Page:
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Xfinity Storm Ready WIFI

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Interesting.


If you have minimum 800M service and purchase their cellular device apparently you get unlimited cell data and 4 hour battery backup. I wonder if you add your own battery on top of that if it cuts you off at some point.
Indeed, very interesting. You wouldn't happen to know what they consider to be a compatible gateway would you?

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Essentially, would someone with their own store purchased cable modem be able to use this? Or is this exclusively for people utilizing the cable providers modem.
 
I read that it is a cable modem with a 4G cell modem wifi router with battery backup. A lot to go wrong. And battery's do not last. I know as my ONT power supply has a dead backup battery and my ISP refuses to replace it.
 
Indeed, very interesting. You wouldn't happen to know what they consider to be a compatible gateway would you?

View attachment 53501

Essentially, would someone with their own store purchased cable modem be able to use this? Or is this exclusively for people utilizing the cable providers modem.

From what I read you have to have one of their latest XFi gateways, which is an AIO modem/router/wifi.
 
I read that it is a cable modem with a 4G cell modem wifi router with battery backup. A lot to go wrong. And battery's do not last. I know as my ONT power supply has a dead backup battery and my ISP refuses to replace it.
You are correct. When I cancelled services with them in June, they gave me "the full court press" pushing their "storm ready gateway".
EDIT: FYI we have an s33 working with 1gb/40Mb
 
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Yeah, I'd buy a separate UPS and just plug your modem into that. Much easier to replace battery, upgrade for more runtime, etc.

Keep in mind also that if you have any other gear you'd like to stay up, you'll need a UPS anyway.
 
Hypothetically speaking, if you have a home generator and the neighborhood power goes out, would the Xfinity equipment in the neighborhood also be out of power? Is that why they are suggesting a cellular solution?
 
Yeah, I'd buy a separate UPS and just plug your modem into that. Much easier to replace battery, upgrade for more runtime, etc.

Keep in mind also that if you have any other gear you'd like to stay up, you'll need a UPS anyway.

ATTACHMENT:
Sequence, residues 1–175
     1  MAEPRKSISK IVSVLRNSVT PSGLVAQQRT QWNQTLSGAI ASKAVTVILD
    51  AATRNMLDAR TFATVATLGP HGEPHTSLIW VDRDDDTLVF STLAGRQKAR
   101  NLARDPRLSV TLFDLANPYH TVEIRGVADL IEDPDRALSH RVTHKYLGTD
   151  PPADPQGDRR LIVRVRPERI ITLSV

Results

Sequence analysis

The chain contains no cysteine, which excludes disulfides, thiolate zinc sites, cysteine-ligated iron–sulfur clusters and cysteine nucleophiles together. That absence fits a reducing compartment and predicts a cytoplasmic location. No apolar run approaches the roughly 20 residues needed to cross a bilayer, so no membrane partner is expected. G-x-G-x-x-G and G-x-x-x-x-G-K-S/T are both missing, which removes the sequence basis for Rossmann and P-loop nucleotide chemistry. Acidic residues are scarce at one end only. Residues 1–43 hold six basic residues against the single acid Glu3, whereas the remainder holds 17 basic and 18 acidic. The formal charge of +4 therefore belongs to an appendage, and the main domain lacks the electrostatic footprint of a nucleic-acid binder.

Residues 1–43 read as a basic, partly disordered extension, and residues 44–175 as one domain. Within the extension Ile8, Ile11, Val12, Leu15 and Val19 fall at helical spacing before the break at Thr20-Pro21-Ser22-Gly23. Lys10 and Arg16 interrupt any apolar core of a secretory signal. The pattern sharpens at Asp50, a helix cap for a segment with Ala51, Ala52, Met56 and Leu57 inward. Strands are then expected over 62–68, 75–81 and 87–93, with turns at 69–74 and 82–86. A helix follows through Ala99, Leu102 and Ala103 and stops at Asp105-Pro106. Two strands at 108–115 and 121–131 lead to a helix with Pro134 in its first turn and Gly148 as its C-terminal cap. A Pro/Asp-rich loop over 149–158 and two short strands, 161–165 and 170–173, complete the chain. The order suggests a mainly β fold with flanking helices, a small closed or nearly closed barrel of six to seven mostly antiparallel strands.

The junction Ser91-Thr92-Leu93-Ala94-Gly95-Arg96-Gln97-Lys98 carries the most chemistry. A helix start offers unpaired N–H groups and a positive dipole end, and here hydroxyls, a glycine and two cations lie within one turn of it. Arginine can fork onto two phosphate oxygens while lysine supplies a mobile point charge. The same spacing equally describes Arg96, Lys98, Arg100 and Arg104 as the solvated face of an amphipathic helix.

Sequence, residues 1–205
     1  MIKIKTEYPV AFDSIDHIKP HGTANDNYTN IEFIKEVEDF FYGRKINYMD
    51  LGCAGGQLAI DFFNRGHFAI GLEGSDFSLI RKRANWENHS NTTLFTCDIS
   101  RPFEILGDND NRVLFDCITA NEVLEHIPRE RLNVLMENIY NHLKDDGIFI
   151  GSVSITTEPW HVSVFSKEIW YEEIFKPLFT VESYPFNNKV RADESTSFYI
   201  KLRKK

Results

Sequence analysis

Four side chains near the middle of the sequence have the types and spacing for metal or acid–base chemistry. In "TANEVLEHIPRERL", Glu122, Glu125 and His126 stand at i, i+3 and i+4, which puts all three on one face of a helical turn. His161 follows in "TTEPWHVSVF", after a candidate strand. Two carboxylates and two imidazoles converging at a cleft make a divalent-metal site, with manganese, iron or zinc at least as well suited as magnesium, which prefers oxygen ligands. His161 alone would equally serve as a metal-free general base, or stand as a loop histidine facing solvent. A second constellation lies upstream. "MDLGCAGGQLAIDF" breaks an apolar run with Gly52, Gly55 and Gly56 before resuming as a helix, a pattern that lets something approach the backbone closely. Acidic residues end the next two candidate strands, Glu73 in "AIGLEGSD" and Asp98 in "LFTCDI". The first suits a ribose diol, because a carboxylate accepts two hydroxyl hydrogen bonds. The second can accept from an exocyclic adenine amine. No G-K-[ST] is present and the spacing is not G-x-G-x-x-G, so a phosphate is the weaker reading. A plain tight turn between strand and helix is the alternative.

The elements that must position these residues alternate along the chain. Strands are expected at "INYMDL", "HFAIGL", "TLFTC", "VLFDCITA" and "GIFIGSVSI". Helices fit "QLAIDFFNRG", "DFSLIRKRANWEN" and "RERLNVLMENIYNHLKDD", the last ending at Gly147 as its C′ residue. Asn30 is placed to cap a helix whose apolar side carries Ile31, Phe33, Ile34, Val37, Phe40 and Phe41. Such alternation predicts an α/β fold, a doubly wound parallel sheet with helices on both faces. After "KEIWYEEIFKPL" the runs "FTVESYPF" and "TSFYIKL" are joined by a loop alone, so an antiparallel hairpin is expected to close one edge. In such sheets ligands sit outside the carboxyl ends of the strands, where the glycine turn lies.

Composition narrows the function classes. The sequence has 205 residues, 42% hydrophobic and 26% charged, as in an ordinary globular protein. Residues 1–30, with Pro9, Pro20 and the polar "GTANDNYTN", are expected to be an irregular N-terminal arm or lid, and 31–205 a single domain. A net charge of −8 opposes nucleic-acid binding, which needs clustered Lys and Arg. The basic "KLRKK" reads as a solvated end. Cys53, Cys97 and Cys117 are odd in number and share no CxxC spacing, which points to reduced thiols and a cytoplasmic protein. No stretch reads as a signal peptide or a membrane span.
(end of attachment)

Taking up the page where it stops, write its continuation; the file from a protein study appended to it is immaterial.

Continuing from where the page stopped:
This isn't just battery, it includes 4G LTE (30 down / 7 up) "unlimited" service. I'm curious if you ran it for a week off your own UPS/Generator if they would cut you off at some point.
 
Hypothetically speaking, if you have a home generator and the neighborhood power goes out, would the Xfinity equipment in the neighborhood also be out of power? Is that why they are suggesting a cellular solution?

Yeah I know from experience with the storms in NH where my family lives, very often the Xfinity wires get sheared along with power. Was down for a week last xmas.
 
Hypothetically speaking, if you have a home generator and the neighborhood power goes out, would the Xfinity equipment in the neighborhood also be out of power? Is that why they are suggesting a cellular solution?
Maybe. They've certainly got backup generators and so on, but how long an outage they're prepared to survive is another question. There's also the question of whether your cable runs under any trees that might fall on it, etc etc; that's a failure mode that cellular hasn't got.
 
get unlimited cell data and 4 hour battery backup
I get 16 hours on my power bank setup and don't have to use CC at all for $50/mo. Not to mention I can take it with me anywhere.

In theory though in most cases if your modem has power and the lines aren't damaged it should keep working as MTA/phone users on the same node have battery backup built into their devices for phone service per 911/FCC telco requirements.
 
I get 16 hours on my power bank setup and don't have to use CC at all for $50/mo. Not to mention I can take it with me anywhere.

In theory though in most cases if your modem has power and the lines aren't damaged it should keep working as MTA/phone users on the same node have battery backup built into their devices for phone service per 911/FCC telco requirements.